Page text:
For years I knew about the security issues related to NFS, but there wasn’t really a solution to that and I didn’t have a multiuser environment to worry about so I lived with it.

More recently though I’ve experimented with sshfs and found it to work really well. So I figured why not try to replace my NFS entry from /etc/fstab with an SSHFS entry?

Not all that hard to do, though there have been a couple of quirks. First I added this to /etc/fstab:

sshfs#user@ip:/dir          /home/user/dir fuse     defaults,idmap=user,noauto,user 0 0

Note that it’s not mounted automatically. That’s because to mount something using SSHFS you need to give a password or use an SSH key, and root (who runs the startup scripts) doesn’t have my user’s private key.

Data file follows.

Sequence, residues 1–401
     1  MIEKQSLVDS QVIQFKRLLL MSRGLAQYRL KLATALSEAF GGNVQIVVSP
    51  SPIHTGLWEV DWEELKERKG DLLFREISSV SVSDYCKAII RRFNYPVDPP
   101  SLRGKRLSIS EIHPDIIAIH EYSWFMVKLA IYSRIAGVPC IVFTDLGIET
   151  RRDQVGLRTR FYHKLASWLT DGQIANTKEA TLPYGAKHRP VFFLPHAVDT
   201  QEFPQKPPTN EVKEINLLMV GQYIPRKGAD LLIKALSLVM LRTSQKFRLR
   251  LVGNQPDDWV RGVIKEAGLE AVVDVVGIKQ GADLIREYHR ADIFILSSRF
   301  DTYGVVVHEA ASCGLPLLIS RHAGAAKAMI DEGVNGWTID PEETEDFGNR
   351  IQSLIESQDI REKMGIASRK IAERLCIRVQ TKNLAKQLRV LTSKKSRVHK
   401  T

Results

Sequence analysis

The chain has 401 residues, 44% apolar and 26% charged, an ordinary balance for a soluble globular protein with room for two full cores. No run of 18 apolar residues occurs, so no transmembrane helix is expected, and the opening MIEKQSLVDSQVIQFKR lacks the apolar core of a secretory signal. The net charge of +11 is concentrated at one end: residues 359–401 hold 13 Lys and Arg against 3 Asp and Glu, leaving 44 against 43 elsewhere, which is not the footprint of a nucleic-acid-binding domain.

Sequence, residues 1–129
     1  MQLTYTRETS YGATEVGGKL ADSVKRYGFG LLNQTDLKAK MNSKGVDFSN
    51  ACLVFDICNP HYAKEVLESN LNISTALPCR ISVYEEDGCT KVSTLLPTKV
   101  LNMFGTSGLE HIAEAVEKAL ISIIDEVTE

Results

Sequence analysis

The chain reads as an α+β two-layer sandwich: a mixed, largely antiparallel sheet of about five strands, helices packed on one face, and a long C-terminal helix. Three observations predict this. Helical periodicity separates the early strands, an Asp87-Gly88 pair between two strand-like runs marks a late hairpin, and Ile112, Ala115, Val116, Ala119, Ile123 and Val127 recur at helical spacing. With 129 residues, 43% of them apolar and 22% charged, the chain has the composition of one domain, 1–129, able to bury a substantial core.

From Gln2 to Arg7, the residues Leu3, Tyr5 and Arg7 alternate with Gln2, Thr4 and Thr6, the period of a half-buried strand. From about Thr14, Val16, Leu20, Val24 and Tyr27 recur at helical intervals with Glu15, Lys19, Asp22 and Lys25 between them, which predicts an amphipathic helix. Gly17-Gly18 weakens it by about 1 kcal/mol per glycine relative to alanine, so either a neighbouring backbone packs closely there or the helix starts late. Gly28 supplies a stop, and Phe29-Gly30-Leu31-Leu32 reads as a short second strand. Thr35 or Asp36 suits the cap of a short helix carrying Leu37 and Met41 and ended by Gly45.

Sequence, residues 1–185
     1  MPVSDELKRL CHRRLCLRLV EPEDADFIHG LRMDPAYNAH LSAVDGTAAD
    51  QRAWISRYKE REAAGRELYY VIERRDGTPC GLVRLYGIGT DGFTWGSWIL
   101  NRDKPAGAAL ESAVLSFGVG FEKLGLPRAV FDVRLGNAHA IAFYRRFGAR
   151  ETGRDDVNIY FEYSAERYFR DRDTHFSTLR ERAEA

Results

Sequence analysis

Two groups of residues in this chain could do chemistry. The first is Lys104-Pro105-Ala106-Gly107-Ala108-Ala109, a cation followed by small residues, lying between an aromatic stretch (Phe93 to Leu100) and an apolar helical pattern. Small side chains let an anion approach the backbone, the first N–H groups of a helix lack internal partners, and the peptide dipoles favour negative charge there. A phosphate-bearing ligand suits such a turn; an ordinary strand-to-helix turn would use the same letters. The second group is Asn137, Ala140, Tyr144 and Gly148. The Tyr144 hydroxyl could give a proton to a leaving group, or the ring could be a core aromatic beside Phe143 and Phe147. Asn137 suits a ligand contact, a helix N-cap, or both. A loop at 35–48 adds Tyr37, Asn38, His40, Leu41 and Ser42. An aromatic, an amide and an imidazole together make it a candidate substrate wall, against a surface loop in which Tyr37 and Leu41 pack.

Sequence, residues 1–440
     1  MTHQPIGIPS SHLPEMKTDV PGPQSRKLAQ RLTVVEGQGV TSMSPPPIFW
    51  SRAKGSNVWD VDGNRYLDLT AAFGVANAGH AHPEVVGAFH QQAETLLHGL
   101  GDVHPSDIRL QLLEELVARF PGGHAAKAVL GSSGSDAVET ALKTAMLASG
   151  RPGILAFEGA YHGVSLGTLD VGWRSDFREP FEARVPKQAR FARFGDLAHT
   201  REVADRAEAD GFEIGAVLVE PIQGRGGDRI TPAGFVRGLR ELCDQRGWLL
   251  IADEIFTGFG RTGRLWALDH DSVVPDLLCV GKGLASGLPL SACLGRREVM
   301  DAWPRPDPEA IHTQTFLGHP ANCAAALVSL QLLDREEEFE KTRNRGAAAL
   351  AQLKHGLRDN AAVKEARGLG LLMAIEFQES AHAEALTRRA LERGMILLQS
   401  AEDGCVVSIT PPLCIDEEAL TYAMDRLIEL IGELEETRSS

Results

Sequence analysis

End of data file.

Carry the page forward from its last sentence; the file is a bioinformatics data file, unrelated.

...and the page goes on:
This works great for mounting it manually (mount /home/user/dir) but not so well for an automount at boot. For that first I tried to add the mount command to my XFCE startup scripts, but it turns out it didn’t run quickly enough. Next thing I tried was to add it to .xinitrc but it seemed to be ignored.

A bit of searching and I found a solution – use ~/.xprofile instead. So this is what mine looks like:

~$ cat .xprofile
mount /home/user/dir

And it works great! Now if only I could find a solution for that ridiculous plain-text SMTP protocol…